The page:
To Contain Hospital Costs, Leaders Must Look to IT
There is, of course, a catch in this happy scenario. Along with technology solutions come technology problems. Although healthcare IT is hardly in its infancy, many other industries are farther along the curve of IT adoption. Executives in financial services, manufacturing, retail, and other IT-intensive industries have learned some hard lessons:
- No IT system ever works as seamlessly as promised. That smooth demo you saw applies to ideal conditions, never to you. Siloed systems that can't communicate with one another, dirty data problems, and stupid user tricks aren't just the stuff of Dilbert cartoons.
- No IT department can do all the work; users have to meet them halfway. Complicating matters is that for healthcare, the users include hospital executives and administrators, physicians and nurses, and patients and their families—parties that have different needs and points of view.
- IT systems cost a lot, but IT consultants often cost more. Yet without consultants who can get into the details of linking disparate data systems in ways that different departments and functions can use, your expensive new system will become shelfware.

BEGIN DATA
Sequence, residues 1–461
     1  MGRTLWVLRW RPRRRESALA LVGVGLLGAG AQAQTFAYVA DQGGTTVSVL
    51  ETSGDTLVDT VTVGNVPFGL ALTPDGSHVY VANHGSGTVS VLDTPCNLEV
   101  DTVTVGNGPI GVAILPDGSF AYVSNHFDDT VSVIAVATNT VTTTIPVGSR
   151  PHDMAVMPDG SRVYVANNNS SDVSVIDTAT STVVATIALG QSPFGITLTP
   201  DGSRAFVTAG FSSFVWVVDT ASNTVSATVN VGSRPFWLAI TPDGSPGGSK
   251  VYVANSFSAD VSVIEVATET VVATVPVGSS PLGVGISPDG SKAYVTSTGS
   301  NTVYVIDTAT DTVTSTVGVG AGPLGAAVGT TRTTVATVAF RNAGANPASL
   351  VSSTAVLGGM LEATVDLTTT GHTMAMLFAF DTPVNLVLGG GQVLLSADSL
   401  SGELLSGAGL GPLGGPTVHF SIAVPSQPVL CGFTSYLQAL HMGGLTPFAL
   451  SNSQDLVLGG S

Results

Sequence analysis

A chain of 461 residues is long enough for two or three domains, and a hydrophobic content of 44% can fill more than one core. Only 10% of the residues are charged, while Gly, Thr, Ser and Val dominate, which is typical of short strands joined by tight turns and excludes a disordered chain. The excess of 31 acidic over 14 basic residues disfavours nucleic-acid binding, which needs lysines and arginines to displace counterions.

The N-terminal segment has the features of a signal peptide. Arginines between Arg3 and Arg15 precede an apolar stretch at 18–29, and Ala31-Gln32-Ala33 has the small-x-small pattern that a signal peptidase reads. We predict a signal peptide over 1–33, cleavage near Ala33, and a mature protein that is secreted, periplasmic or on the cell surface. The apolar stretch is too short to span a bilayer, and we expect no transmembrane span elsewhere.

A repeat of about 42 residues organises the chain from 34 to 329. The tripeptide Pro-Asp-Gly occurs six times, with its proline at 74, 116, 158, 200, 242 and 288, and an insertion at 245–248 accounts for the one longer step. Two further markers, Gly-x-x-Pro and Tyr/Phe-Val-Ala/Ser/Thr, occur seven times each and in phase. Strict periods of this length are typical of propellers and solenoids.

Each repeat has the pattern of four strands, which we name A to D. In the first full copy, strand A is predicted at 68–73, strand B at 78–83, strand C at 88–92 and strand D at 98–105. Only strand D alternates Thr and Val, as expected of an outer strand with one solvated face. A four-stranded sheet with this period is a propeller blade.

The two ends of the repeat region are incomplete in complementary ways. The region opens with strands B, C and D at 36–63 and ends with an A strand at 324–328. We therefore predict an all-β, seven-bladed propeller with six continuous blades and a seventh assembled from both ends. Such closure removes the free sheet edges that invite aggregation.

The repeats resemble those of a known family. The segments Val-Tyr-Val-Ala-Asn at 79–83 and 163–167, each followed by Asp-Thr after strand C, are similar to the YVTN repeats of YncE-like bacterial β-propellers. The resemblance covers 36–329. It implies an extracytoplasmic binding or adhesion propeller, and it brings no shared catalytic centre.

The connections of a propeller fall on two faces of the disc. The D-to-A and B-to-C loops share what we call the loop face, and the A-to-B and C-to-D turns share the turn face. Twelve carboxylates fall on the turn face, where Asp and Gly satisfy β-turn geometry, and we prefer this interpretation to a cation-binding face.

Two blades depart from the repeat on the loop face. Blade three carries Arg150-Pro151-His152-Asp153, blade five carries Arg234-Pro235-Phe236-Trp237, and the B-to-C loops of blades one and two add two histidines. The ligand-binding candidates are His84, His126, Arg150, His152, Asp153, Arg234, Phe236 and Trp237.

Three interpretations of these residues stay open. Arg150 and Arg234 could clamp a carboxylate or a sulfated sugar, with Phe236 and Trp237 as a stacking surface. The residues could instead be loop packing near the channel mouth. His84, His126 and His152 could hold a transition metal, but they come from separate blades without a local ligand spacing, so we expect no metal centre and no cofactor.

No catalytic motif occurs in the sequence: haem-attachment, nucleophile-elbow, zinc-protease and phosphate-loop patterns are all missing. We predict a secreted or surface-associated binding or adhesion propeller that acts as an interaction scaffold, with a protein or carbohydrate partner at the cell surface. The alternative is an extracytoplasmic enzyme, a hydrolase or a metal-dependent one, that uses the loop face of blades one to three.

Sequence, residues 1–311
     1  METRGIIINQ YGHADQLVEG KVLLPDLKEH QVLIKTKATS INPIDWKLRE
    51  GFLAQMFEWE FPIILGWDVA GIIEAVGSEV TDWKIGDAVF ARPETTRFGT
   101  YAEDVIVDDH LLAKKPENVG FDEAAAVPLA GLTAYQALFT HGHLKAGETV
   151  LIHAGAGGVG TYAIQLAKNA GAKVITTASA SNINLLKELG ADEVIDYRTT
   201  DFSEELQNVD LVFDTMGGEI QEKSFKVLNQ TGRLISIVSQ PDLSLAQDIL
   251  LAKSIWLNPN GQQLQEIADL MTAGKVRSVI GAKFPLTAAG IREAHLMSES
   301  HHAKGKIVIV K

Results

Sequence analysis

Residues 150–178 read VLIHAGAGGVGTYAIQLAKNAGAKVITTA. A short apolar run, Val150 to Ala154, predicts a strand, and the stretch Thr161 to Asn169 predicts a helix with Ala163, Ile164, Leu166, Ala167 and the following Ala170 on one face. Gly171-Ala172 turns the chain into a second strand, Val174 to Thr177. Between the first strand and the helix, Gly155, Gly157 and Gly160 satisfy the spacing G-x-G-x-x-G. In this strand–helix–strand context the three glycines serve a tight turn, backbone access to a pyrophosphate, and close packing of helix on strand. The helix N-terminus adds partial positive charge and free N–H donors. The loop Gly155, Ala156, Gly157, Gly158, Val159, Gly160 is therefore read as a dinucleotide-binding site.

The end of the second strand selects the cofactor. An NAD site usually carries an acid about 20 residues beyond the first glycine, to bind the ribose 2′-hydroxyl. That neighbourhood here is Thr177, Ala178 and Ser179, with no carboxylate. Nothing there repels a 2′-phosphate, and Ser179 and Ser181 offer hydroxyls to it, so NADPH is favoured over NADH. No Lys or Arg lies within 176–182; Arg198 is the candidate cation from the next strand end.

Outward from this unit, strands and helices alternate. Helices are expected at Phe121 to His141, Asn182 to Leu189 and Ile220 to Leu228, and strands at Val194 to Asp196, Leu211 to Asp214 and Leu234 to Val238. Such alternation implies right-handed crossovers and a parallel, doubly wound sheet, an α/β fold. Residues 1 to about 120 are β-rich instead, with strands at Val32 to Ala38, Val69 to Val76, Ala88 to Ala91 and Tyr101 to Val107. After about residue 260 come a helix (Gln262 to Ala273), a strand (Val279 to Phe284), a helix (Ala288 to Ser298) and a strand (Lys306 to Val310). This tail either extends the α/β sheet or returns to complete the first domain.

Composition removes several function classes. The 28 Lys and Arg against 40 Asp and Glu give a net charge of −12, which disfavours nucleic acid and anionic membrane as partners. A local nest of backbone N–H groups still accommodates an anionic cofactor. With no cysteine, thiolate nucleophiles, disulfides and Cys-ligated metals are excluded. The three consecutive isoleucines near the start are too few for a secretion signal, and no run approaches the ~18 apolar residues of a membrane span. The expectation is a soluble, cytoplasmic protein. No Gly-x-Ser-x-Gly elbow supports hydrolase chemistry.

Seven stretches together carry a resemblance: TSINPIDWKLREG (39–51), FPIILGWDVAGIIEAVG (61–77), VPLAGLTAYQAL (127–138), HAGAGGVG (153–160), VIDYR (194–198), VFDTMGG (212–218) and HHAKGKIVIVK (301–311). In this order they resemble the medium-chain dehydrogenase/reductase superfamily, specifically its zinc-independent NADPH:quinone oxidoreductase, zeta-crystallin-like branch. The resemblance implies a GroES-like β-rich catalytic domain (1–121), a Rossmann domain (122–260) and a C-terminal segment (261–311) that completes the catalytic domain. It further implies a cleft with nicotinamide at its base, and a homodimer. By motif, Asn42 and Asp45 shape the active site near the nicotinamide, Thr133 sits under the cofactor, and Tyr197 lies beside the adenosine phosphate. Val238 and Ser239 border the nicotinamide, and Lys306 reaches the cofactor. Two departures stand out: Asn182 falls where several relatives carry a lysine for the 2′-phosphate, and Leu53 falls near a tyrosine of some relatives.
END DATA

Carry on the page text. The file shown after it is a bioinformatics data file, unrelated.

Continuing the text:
In short, IT's role in healthcare will continue to rise, but so will IT's prominence in your role—no matter what your title.
Edward Prewitt is the Editorial Director of HealthLeaders Media.
- mHealth Tackles Readmissions
- 'Kafkaesque' Value System Unfairly Penalizes Doctor Pay
- CNO Leads $1M Charge for New Scrubs, Uniforms
- Targeting Self-Insured Populations
- MA an Insurance Proving Ground for Providers
- Sharp HealthCare Leaves Pioneer ACO Program
- Proton Beam Therapy Poised for Growth in US
- Some Cancer Hospitals' Quality Data Will Soon Be Public
- Half of All Primary Care, Internal Medicine Jobs Unfilled in 2013
- Docs Fret as HHS Addresses Malpractice Reporting 'Loopholes'